Each of the five books in my list have inspired me by showcasing one or more qualities that have fed my fascination with fandom, reading, and writing. It was not an easy decision.
There’s a book challenge going around various social media sites right now that requires you to list the 10 books that have affected you the most. Here at Hypable, we’re kicking off our own version of the challenge. While we may be doing only five books, we’re also going to tell you why they affected us — and maybe we can convince you to read them, too.
When I was first asked this question, I thought it would be easy-peasy. Five books that define me? Not a problem. Except it was. Once I started looking back over the myriad of books that I read as a child and the more diverse selection that I’ve read as an adult, I realized that narrowing down my list would take some serious thought. So, after a rather long process of elimination, I narrowed it down to 5 books that I think define me as a reader, a writer, and most importantly, a fan.
There are some glaringly obvious omissions from this list. You won’t find my favorite Harry Potter book, which is Harry Potter and the Goblet of Fire by the way, or anything from the Nancy Drew series, or my newest favorite author, Cora Carmack, but rest assured that they remain favorites even if I don’t see them as defining influences.
‘The Enormous Turnip’: A fairytale of Russian origin
As far as fairytales and children’s stories go, The Enormous Turnip is probably not one of the most well known, but it holds the most special of places in my heart. In the 4th grade, I was given the opportunity to enter a storytelling competition. I practiced after school for a month with the 3 or 4 other kids who signed up, and my teacher always reminded me to ‘pull that turnip!’ with a little more vigor every time. After memorizing the entire story and stepping up in front of the crowd and judges, the vivid memories of engaging them as I imitated pulling that turnip out of the ground have stayed with me. The need to engage people and entertain has never left, and I owe it all to the tale of a farmer whose turnip just wouldn’t stop growing.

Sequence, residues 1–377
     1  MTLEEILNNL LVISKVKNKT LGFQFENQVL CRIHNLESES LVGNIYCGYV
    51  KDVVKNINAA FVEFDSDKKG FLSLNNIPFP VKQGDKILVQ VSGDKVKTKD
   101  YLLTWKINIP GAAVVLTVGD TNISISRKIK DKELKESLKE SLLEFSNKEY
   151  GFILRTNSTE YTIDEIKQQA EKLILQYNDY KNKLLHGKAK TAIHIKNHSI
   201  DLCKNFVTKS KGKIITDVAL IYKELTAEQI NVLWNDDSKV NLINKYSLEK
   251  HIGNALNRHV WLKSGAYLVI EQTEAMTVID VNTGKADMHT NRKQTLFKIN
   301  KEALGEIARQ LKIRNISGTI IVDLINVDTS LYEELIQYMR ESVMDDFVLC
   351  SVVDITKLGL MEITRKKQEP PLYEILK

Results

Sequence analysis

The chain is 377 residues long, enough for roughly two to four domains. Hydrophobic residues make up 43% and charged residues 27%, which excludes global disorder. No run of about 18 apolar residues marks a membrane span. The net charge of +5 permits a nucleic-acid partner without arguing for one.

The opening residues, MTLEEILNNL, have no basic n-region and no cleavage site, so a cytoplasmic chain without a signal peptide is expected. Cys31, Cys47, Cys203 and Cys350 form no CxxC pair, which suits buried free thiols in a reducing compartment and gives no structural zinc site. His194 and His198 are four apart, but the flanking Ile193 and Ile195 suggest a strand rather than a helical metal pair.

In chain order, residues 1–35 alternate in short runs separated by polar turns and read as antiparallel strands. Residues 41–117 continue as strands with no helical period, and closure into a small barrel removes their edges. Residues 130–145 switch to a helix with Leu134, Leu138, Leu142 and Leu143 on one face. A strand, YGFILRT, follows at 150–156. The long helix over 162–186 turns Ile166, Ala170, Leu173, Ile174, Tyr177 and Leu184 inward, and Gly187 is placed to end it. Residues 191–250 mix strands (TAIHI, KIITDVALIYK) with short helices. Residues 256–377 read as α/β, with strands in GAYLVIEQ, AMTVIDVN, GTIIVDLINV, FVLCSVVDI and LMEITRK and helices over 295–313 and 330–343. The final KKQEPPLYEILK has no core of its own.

‘The BFG’ by Roald Dahl
The BFG is a book that has stuck with me for the long haul. Roald Dahl is a childhood hero of mine, and his books are imaginative and fun. I always appreciated his ability to make the craziest aspects of his characters seem incredibly real. It stimulated my imagination to know that even a giant whose family snacks on little children can be a good guy whose favorite activities include blowing pleasant dreams into the windows of little boys and girls. I think this book can be credited with my fascination with characters and making each one unique in how they take on the world around them.
‘Bet Me’ by Jennifer Crusie
Of all the books on my list, this one has definitely been read most often. Sometimes a book defines you by how it makes you think, and sometimes it just becomes a part of your soul. Bet Me is the latter. The first time I read it, I enjoyed each and every plot complication there was. I’m a sucker for a good romance, and this is one of the best in my book. The plot doesn’t feel contrived, and it doesn’t veer off course just to fit in some extra sexy times. This story is all about a man and a woman that despite their stubborn ways, find themselves with no other option than to submit to the good thing staring them in the face. The best kind of romance if I do say so myself.
‘A Handmaid’s Tale’ by Margaret Atwood
This book was read as an assignment for a class in college called Canadian Fiction, and it changed a lot of the ways I used to think about the world. Margaret Atwood wrote a novel that, despite being homework, engaged me in ways a book never had before. The dystopian tale is set in a world in which women are restricted immensely and basically are used as breeding stock. They have no freedom, aren’t allowed personal relationships, and aren’t even allowed to read. The story of Offred (which is not the narrator’s birth name, but rather the mark that she is the Handmaid ‘Of Fred’) opened my eyes to the injustices that can exist right before our eyes. I credit this book with helping me to shed the blinders of youth and see that there are always causes worth fighting for.
‘Where She Went’ by Gayle Forman
Last, but most certainly never least, is a book that I read just a few short months ago. While it hasn’t settled into its official place on my list of favorites, it touched me in a way that books seldom do. Mia and Adam’s story in If I Stay sets the scene for what I feel is the true treasure in this pair of books. While the tragedies of their past haunt them, the music in their lives helps them to soothe the pain that they can’t seem to bury. Music has always been a vital part of my life, and will always be, so to meet two characters that seem to understand just how powerfully a song can affect a person was a real find. The atmosphere crafted by Gayle Forman is heavy and dense, choking the second chance that you can see is all these two people need. When I picked up the book, the last thing I expected was the raw emotional power of two souls ripped apart by shared pain. Honestly, I don’t know what I expected. The book I got, however, will always make me laugh, cry, and gasp in all the right places leaving me one incredibly satisfied reader, which I’m happy to say defines me to a tee.